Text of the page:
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Quantitative Nanoscale Imaging of Synaptic Protein Organization

Dr. Lara Laparra
March 28th, 2018 LARA LAPARRA Single Molecule Biophotonics
ICFO-The Institute of Photonic Sciences

The arrival of super-resolution techniques has driven researchers to explore biological areas that were unreachable before. Such techniques not only allowed the improvement of spatial resolution in images but also the possibility to perform quantitative measurements at the single-molecule level. The interest in that particular field has been growing over the years and new and more sophisticated tools have been developed.

Neuroscience has been one of the first fields to adapt and benefit from super-resolution microscopy. These techniques opened a new window of opportunity to reveal spatial organization of the neuronal cytoskeleton and the molecular organization and dynamics of the synapse, structures below the spatial resolution limit of conventional light microscopy.

Protein organization and stoichiometry is central for synaptic transmission in neurons. Knowing the absolute numbers of proteins playing a key role in diseases can be of extreme interest in order to understand the mechanisms that lead to such neurological disorders.

In this thesis we exploited the super-resolution techniques to develop a pioneering method for quantitative single-molecule measurements and to unravel the organization of a synaptic protein complex that was never visualized before with nanoscale spatial resolution.

We developed a novel method in order to quantify the photoactivation efficiency of eight different photoswitchable fluorescent proteins commonly used in super-resolution experiments. We used the glycine receptor as a template because of its well-known stoichiometry and tagged eight different photoswitchable fluorescent proteins to the a- and ß-subunits of this receptor and transiently transfected them to Xenopus oocytes. The fact that the fluorescent proteins are genetically encoded make them highly suitable for quantitative single-molecule counting. The photoactivation efficiency, which is the percentage of a fluorescent protein that photoactivates into a fluorescently detectable form, plays a critical role in properly interpreting quantitative measurements.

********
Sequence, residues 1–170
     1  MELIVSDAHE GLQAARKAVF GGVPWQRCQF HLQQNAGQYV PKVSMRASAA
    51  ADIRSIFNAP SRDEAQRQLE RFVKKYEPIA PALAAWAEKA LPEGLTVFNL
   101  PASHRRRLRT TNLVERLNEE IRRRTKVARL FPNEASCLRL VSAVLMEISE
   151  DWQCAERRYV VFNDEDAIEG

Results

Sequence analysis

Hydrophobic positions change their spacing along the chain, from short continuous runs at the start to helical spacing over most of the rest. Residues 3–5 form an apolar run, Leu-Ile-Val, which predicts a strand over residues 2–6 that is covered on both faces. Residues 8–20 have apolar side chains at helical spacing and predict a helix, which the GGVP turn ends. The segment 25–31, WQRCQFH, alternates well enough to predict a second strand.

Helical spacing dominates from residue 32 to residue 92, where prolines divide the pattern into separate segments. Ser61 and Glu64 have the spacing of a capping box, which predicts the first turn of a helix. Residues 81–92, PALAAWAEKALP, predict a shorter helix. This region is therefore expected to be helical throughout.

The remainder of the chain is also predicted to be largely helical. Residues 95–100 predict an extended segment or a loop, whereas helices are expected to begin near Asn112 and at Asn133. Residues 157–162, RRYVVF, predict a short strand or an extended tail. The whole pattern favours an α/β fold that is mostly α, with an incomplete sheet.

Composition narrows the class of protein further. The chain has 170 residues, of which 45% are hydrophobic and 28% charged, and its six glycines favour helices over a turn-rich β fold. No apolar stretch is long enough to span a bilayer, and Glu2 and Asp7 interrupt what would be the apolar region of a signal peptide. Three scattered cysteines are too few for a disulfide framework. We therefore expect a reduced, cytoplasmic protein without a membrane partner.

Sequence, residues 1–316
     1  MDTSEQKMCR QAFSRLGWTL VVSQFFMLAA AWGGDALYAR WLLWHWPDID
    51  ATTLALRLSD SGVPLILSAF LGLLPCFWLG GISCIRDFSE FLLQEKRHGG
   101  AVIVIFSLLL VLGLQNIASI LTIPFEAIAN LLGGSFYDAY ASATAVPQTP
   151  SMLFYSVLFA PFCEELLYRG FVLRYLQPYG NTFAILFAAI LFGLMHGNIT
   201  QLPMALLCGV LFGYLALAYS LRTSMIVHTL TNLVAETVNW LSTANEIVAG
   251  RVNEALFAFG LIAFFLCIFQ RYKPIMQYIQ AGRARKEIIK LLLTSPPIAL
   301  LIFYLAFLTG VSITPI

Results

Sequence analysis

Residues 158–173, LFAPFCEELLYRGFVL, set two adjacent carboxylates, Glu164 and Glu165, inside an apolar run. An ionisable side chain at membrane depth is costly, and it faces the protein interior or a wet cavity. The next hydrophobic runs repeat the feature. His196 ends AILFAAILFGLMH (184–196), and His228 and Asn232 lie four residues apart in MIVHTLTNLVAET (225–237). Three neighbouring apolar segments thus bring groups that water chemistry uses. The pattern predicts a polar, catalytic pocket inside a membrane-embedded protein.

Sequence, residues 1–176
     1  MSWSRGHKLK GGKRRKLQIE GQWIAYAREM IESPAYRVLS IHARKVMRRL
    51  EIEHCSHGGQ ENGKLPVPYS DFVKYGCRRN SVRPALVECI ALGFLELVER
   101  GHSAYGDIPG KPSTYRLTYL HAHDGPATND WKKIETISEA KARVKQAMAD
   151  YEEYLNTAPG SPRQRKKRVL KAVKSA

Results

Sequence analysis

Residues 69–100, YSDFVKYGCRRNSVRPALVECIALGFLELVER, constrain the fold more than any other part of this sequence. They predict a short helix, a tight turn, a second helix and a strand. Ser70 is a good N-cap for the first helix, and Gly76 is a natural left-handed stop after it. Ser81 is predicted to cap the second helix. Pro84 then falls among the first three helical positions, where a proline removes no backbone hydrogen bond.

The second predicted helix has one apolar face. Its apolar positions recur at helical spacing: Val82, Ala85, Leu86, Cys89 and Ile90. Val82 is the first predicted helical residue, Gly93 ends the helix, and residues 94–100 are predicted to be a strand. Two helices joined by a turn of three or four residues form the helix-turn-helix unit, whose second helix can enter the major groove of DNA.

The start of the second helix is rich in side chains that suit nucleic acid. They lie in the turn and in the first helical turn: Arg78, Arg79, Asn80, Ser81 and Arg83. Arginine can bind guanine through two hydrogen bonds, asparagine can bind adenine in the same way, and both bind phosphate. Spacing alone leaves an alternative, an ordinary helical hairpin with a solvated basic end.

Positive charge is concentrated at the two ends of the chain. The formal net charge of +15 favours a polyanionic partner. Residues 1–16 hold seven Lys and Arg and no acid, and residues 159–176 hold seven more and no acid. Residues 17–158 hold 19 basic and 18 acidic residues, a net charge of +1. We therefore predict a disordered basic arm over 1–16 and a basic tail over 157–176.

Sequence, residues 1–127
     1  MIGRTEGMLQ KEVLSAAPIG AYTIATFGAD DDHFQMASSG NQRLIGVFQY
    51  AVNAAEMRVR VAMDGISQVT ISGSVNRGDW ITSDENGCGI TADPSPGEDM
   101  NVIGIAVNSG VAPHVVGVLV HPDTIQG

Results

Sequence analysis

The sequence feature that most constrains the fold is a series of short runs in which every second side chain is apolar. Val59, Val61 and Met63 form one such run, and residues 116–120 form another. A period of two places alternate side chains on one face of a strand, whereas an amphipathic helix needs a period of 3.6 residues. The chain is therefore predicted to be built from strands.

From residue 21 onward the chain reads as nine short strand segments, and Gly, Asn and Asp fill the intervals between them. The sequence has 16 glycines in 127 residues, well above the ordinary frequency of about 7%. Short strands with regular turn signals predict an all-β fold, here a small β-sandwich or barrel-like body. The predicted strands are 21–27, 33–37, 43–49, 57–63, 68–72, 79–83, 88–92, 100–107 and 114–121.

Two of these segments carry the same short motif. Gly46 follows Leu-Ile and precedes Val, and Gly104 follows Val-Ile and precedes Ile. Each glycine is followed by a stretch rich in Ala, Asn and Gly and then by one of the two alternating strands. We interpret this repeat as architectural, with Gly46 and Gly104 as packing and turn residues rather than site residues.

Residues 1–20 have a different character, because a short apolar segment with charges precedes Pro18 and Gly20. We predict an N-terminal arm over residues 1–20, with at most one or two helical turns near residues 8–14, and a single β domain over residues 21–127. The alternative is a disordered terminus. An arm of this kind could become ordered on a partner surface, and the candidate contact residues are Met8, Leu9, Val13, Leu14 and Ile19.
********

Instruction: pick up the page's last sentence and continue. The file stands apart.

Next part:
Moreover, we also focused our studies on super-resolution imaging of a synaptic protein complex, called LGI1 complex. This ensemble of proteins is one of the main key players involved in different neurological disorders. Leucine rich glioma activated 1 (LGI1) is a neuronal protein that forms a trans-synaptic bridge linking pre- and postsynaptic transmembrane proteins (ADAM22 and ADAM23) and helps to organize a multimeric complex at the synapse including AMPA receptors and voltage-gated potassium channels (VGKC). LGI1 autoimmune encephalitis is a severe neuropsychiatric disorder related to epilepsy where the patients produce autoantibodies against LGI1, which alter synaptic plasticity. However, the molecular mechanisms that lead to the observed problems in patients still remain largely unknown.

Using well-characterized synaptic markers as molecular standards, we determined the positioning of LGI1 and the other related proteins within the synaptic space at nanoscale resolution by means of multi-color STORM. Further, the comparison of this molecular architecture in healthy neurons versus neurons treated with antibodies from patients suffering from LGI1 autoimmune encephalitis showed that these antibodies impact the nanoscale organization of pre-synaptic proteins. These results suggested a loss of LGI1 interaction with pre-synaptic proteins upon antibody binding and gave further insight into early changes in pathology.

Wednesday March 28, 15:00. ICFO Auditorium

Thesis Advisor: Prof Melike Lakadamyali